Gamma Phi Beta blood donation coordinator Christie Key sent a written apology to media organizations and university administrators on Thursday in response to her mass e-mail asking sorority members to lie about their health on Red Cross blood donation forms during the Greek Week blood drive last week.
Key had told students with recent tattoos and piercings, and those who were sick, to lie on pre-donation paperwork and give blood anyway. Members were also encouraged to use stickers indicating “do not use my blood” if they were concerned about the safety of their blood, she previously told the Missourian.
In her apology, Key called her e-mail “irresponsible” and said she was sorry she created concern about the safety of blood collected during the drive, and about the Red Cross’s possible “wasted resources.” Key also apologized for tarnishing the image of her sorority, Greek Week and MU.
“I ask the administration, faculty, staff and my fellow students to forgive my error that put us in the public eye for such a negative act,” she wrote in the apology.
After the Missourian obtained the e-mail last week, newspapers and television stations around the country published wire accounts of the incident. Excerpts from Key’s e-mail, in some of those reports, included “punishment for not giving blood is going to be quite severe” and “I don’t care if you got a tattoo last week — LIE.”
In addition to metropolitan newspapers and local television stations, national media outlets including The New York Times, The Washington Post, CNN and FOX News have picked up the story. The British newspaper The Guardian also ran a story about the incident.
In college newspapers, the University of Massachusetts’ Daily Collegian and Texas A&M’s The Battalion, ran columns about the incident under the headline, “Bloody lies.”
The story was also passed around online. On GreekChat.com it prompted seven pages of responses from Greek organization members.
Vice Chancellor for Student Affairs Cathy Scroggs and Student Life Director Mark Lucas said they’re happy to see an apology from Key.
However, Lucas said the amount of negative publicity the incident has drawn is unfair to the university’s administration.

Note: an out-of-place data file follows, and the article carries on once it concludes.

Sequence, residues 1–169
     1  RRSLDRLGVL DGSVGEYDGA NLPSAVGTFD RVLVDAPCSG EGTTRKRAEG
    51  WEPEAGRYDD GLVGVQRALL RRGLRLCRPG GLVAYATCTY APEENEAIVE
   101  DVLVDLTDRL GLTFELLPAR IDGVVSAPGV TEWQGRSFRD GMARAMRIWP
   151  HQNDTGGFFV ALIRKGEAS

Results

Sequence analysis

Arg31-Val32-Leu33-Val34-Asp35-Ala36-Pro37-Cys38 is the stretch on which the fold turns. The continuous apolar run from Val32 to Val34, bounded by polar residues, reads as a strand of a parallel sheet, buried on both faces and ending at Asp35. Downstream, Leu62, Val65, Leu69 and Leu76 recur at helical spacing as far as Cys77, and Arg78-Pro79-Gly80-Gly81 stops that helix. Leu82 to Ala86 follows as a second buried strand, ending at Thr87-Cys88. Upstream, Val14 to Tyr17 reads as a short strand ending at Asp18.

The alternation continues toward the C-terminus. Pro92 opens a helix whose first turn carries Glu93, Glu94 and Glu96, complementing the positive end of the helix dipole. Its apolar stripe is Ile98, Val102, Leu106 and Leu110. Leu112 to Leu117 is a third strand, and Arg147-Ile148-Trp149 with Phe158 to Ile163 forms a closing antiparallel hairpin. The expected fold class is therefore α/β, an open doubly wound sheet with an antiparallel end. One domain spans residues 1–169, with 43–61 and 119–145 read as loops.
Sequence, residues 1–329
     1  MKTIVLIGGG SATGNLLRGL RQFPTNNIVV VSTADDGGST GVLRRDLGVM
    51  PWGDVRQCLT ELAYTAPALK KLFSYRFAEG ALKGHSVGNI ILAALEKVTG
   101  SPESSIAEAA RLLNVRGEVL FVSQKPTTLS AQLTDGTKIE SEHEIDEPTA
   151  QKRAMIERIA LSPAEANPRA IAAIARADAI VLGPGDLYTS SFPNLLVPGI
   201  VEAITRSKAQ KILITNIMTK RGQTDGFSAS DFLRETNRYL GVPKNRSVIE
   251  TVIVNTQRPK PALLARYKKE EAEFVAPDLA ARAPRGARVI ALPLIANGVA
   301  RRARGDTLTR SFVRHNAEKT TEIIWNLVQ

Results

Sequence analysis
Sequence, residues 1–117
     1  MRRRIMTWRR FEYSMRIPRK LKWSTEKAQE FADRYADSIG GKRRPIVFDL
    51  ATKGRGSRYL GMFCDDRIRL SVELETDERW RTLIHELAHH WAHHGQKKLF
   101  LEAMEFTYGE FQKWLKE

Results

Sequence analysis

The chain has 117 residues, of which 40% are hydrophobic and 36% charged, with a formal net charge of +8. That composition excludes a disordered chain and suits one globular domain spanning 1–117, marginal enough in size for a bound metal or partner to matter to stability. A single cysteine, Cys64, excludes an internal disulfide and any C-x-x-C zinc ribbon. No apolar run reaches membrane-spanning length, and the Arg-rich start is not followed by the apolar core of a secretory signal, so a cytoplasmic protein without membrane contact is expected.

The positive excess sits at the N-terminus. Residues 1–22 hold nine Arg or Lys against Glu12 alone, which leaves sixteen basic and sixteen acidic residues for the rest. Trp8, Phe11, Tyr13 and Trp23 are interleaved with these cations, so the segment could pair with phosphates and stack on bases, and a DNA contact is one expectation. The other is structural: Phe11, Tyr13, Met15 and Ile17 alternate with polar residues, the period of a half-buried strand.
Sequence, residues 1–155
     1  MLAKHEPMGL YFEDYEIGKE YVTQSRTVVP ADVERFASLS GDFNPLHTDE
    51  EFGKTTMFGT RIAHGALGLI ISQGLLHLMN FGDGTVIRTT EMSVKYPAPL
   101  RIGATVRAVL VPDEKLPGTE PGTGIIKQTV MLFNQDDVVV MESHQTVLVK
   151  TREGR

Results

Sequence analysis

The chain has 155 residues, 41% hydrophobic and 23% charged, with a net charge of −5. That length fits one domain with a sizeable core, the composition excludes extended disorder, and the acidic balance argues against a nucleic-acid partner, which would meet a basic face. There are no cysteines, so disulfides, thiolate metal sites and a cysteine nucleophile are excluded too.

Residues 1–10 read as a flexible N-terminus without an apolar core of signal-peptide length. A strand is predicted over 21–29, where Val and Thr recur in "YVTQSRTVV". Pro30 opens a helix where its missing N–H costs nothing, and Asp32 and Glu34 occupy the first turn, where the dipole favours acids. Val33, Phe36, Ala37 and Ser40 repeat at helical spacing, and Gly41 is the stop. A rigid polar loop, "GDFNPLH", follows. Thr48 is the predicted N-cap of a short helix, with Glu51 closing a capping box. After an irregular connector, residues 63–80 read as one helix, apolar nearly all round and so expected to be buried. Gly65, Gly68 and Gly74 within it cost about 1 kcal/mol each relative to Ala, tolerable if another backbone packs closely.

“When it’s something that involves our students at the University of Missouri, guess who assumes all the responsibilities of it?” he said. “The University of Missouri — when in fact we were not aware as administrators what was transpiring in Greek organizations.”
Lucas said, however, that he was “not unhappy” to see the issue of the highly competitive nature of the Greek Week Blood Drive come to public attention. The blood drive set a world record in 1999 for the highest number of units of blood collected in a single-day, single-site drive.
“That e-mail stems from the commitment to this competition, and that’s where some of the problems are arising,” he said, adding that for the most part, the drive is very beneficial to the community.
Reached Thursday night, Scroggs said she couldn’t comment on the media attention MU has received about the incident.
Key was not asked to send the letter by either her sorority or the university, according to Scroggs and Gamma Phi Beta President Shannon Wisniewski.
Key and Wisniewski both declined further comment.
The university is still investigating whether Key violated MU’s student conduct code by sending the e-mail and what, if any, punishment is warranted, said Lucas. Earlier this week Scroggs said possible actions could include expulsion. Lucas emphasized that MU always considers that option when dealing with student conduct cases.
Lucas also stressed that the administration’s decision is not meant for the public.
“At such time a decision is made, that is always between the university and the students,” he said.
— Missourian reporter Sara Semelka contributed to this report